Hurriyet Daily News
Turks judge the world through the prism of the PKK.
The cardinal rule of Turkish foreign policy is straightforward: Turks love countries that help them against the Kurdistan Workers' Party (PKK) and despise those perceived as aiding it. It is that simple, really: Turks judge the world through the "PKK prism."
After Ankara captured the PKK's erstwhile leader Abdullah Ocalan in 1999, the party ceased to be a major threat for some years, leading the Turks to abandon the PKK prism. However, with the recent spike in PKK attacks (since June, the PKK has killed 73 people), the PKK prism is once again formatting the Turks' weltanschauung.
Countries desiring Turkey's friendship would be best served by helping it against the PKK; in this regard, the perception of what a state does regarding the PKK matters, as much as facts on the ground.
Take, for instance, Washington's dilemma. The United States has provided Turkey with the most assistance against the PKK. Washington designated the PKK a terrorist entity in 1997 and, more importantly, helped Turkey capture Ocalan in 1999. What's more, the U.S. provides Turkey with intelligence support against the group.
Yet if you ask a Turk about Washington's PKK policy, he will tell you that the U.S. is helping the PKK. This distorted view was largely formed at the beginning of the Iraq War. At that time, Washington was too busy fighting the Iraqi insurgency to devote resources to combating the PKK presence in northern Iraq. Subsequent PKK terror attacks launched into Turkey from Iraq led the Turks to jump to the premature conclusion that Washington, by not preventing PKK attacks, was supporting the organization.
In 2007, after quelling the Iraqi insurgency, Washington started providing Turkey with more intelligence against the PKK's attacks emanating from Iraq, but it was already too late. The PKK prism had already taken its toll.
The U.S. needs to make its assistance to Turkey against the PKK, including thus far unreported aspects of such aid, the bedrock of its public diplomacy outreach to the Turks.
Washington also needs Turkish elites to give credit for supporting Turkey against the PKK. This is key; once negative views of a country form due to the PKK prism, the Turks do not seem to care much what the accused says.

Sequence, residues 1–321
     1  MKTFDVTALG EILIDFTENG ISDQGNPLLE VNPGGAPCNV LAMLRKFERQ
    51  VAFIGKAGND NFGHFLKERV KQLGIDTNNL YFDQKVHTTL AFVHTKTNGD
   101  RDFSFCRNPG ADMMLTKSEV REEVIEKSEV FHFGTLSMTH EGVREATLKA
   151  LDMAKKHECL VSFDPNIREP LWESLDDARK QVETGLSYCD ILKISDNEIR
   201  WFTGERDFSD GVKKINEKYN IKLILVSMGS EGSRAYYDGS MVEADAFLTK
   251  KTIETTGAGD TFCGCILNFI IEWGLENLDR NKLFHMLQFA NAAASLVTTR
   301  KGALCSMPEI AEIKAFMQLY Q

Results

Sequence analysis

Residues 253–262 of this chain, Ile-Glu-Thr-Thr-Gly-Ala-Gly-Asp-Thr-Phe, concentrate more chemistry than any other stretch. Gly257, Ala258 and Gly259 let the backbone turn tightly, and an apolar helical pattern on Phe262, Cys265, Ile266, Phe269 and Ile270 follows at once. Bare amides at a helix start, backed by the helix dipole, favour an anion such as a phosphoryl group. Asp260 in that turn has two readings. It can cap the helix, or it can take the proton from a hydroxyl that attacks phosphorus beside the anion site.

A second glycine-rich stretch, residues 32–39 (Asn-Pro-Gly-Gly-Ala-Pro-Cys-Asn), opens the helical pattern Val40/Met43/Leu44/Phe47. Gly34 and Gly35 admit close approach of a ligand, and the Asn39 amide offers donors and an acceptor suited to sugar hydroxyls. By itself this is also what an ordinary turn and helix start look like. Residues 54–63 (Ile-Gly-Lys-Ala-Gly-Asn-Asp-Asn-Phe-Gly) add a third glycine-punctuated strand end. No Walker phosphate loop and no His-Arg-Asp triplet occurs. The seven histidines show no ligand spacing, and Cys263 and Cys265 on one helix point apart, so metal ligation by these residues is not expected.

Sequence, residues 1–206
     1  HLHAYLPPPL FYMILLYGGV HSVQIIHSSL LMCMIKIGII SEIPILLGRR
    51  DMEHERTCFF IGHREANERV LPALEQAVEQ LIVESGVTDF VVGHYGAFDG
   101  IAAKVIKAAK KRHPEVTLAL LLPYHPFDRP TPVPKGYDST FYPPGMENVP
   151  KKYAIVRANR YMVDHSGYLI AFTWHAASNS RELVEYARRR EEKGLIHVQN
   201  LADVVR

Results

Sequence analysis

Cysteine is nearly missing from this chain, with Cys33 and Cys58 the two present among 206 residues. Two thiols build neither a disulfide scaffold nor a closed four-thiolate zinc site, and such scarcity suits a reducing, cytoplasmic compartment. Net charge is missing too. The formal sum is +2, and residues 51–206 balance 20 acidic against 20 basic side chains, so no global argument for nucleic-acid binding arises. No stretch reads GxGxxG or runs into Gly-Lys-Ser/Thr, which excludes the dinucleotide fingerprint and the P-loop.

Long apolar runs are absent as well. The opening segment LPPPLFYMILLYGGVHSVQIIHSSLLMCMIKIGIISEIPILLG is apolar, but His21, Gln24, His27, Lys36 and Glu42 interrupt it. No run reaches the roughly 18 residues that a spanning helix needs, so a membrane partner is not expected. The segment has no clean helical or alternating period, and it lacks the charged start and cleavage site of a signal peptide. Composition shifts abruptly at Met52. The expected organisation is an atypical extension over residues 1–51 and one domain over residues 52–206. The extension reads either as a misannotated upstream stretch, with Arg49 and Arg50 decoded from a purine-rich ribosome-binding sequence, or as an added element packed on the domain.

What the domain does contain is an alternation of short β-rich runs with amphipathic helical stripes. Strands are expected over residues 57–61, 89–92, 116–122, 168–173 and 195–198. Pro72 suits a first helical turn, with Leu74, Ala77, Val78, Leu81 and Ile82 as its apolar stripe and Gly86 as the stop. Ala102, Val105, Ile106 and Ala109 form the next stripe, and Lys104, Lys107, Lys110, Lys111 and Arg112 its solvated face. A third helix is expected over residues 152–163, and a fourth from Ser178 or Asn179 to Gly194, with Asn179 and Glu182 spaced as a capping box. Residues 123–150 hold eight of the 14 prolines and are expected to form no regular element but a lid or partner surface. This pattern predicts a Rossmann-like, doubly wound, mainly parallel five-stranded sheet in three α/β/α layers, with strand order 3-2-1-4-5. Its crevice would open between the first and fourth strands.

Taking lessons from the United States, other countries should be proactive in preventing the PKK prism from shaping the way the Turks view them.
Take Germany, for instance. Recent allegations that German NGOs and even the government itself might be funneling funds to the PKK will poison Turkish views against it if this issue is not tackled now. As the American experience shows, once allegations of support for the PKK emerge, countries are guilty until proven innocent. This is Germany's current dilemma in Turkey.
A similar dilemma exists for Israel: Following the deterioration of Turkish-Israeli ties, allegations have emerged in Turkey that Israel supports the PKK. The Israelis not only need to prove that such allegations are groundless, but also recruit the support of Turkish policymakers to say the opposite -- two tough tasks.
Interestingly, Syria also has much to fear from the PKK prism. In fact, Damascus could suffer devastating consequences from it. Although Syria hosted the PKK for years, that support ended when Turkey threatened Syria with war in the late 1990s. Syria indeed stopped harboring the PKK and the two countries became good friends.
Today, though, Turkish-Syrian ties are souring once again. Ankara fiercely opposes President Bashar al-Assad for his brutal crackdown on demonstrators. Should al-Assad decide to recycle the PKK card now, it would invite a tough Turkish reaction -- perhaps even military action -- that would put an end to the al-Assad regime's brutality as well as its PKK policy.
Turkey is not that complicated, after all: aid Turkey against the PKK and you become its best friend. Allow perceptions of support for the PKK to build and you invite Turkey's wrath.
Soner Cagaptay is director of the Turkish Research Program at The Washington Institute.